Jessica Rath is neither a pomologist nor a horticulturalist. She's not even particularly fond of eating apples. The Los Angeles-based artist's interest in apples is, as she says, purely philosophical. With photography and ceramics, Rath has produced a body of work that looks at the beauty, diversity, and existential dilemma of the apple: how do apples propagate, and how do varieties survive?
Last year I met a woman who had just moved into a house with an extraordinary tree, she said—one that grew lemons, limes, and oranges. On the same tree? A backyard citrus bounty is standard practice in Southern California, but generally a yard might have one or two trees with different fruits. You have grapefruits, but no lemons, so you meet your neighbor by asking to pluck some of his. This woman's fruit claim was incredibly exciting, but then she seemed to disappear, and with it my chance to see her tree.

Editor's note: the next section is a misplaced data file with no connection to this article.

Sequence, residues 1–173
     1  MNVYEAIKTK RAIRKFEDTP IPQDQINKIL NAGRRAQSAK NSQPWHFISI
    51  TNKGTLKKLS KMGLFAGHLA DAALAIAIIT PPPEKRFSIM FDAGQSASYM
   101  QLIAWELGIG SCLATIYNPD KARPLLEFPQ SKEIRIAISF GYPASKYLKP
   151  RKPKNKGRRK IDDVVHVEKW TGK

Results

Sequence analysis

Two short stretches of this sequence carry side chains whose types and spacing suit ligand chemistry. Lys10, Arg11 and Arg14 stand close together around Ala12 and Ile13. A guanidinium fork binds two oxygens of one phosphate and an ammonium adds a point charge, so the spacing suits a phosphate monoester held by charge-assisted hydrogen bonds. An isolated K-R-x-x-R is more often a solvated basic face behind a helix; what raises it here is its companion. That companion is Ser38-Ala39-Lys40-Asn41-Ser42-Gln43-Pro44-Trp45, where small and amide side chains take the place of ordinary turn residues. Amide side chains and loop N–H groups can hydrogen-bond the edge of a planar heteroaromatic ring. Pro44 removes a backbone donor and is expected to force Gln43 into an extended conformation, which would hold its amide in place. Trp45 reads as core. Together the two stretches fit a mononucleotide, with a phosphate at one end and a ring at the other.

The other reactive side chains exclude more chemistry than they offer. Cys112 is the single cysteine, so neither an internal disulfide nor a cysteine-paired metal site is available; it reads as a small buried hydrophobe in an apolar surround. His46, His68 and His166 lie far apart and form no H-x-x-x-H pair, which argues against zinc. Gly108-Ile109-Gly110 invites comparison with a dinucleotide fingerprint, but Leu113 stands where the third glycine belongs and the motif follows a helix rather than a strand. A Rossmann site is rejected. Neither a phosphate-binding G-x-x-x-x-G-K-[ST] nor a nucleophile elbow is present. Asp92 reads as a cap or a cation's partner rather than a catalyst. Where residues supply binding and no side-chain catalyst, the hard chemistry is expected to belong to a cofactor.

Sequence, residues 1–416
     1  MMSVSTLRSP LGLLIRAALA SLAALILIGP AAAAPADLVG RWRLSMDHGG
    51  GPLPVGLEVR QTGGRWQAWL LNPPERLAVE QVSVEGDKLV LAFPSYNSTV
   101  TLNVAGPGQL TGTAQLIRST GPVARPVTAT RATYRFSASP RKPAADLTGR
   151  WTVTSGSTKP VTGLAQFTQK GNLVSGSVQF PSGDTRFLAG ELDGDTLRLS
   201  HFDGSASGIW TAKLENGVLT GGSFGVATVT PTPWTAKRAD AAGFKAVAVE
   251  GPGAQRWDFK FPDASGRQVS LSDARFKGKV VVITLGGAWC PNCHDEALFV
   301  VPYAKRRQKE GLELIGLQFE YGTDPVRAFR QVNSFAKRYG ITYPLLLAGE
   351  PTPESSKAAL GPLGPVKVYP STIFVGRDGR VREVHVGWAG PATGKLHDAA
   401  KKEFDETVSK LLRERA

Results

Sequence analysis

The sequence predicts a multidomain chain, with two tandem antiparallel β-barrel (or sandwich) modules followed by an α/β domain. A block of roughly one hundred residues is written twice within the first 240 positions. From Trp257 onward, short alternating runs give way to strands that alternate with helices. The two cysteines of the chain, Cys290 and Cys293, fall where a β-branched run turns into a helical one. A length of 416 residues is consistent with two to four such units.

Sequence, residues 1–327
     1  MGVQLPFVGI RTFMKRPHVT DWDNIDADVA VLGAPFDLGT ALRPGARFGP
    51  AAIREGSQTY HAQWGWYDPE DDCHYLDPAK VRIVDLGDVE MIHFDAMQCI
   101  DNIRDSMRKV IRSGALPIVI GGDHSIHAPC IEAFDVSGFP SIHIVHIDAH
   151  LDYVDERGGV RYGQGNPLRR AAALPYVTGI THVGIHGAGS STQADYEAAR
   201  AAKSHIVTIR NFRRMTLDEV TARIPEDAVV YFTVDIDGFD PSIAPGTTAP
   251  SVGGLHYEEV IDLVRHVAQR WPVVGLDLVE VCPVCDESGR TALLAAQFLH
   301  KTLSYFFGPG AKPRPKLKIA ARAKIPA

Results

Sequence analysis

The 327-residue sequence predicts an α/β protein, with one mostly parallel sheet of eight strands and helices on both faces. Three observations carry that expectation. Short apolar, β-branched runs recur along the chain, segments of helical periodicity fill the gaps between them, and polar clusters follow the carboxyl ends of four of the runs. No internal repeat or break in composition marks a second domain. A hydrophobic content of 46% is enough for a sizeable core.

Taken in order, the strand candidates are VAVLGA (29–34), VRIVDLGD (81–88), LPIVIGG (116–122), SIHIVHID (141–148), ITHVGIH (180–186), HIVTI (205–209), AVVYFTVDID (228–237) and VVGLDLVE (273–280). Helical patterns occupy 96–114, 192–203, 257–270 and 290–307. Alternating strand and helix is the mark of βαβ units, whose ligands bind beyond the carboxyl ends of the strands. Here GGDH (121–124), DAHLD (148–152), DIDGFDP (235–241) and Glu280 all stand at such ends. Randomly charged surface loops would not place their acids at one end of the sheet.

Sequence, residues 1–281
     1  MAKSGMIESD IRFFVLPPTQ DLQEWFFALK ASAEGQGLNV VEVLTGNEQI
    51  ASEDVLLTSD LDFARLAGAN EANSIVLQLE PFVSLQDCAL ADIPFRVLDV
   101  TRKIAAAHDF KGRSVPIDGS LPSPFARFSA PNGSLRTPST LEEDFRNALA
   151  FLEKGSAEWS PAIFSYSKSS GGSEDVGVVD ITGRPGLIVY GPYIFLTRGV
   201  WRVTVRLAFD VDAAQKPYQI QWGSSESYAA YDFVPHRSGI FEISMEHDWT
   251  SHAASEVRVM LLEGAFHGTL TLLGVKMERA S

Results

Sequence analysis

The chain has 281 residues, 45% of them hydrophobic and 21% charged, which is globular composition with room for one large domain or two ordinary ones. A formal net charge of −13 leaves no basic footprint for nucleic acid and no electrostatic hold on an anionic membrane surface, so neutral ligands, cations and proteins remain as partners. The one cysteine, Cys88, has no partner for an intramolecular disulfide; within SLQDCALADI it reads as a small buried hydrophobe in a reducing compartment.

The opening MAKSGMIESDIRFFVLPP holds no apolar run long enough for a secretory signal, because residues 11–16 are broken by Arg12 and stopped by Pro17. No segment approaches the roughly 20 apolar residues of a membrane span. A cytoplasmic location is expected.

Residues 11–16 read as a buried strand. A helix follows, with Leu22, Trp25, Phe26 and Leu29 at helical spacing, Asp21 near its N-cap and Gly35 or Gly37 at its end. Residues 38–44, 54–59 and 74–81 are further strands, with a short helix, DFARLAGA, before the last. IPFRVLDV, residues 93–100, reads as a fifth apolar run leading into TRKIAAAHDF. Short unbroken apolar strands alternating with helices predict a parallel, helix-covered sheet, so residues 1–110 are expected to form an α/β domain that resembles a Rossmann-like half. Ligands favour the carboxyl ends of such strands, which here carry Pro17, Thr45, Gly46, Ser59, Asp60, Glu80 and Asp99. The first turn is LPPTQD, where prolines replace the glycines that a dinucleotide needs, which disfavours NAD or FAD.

Xavier Dumont’s hand-sculpted furniture pieces twist with an organic elegance that looks like he willed the branches to weave themselves into loose shapes. Those natural forms wind up resembling a desk, easel, mirror frame, arbor, or bench.
In the 1950s, California's southern coastline could be mapped by its roadside attractions. A land of limitless dreams and unclaimed parcels of soil, it offered post-war America the opportunity to see and do the improbable.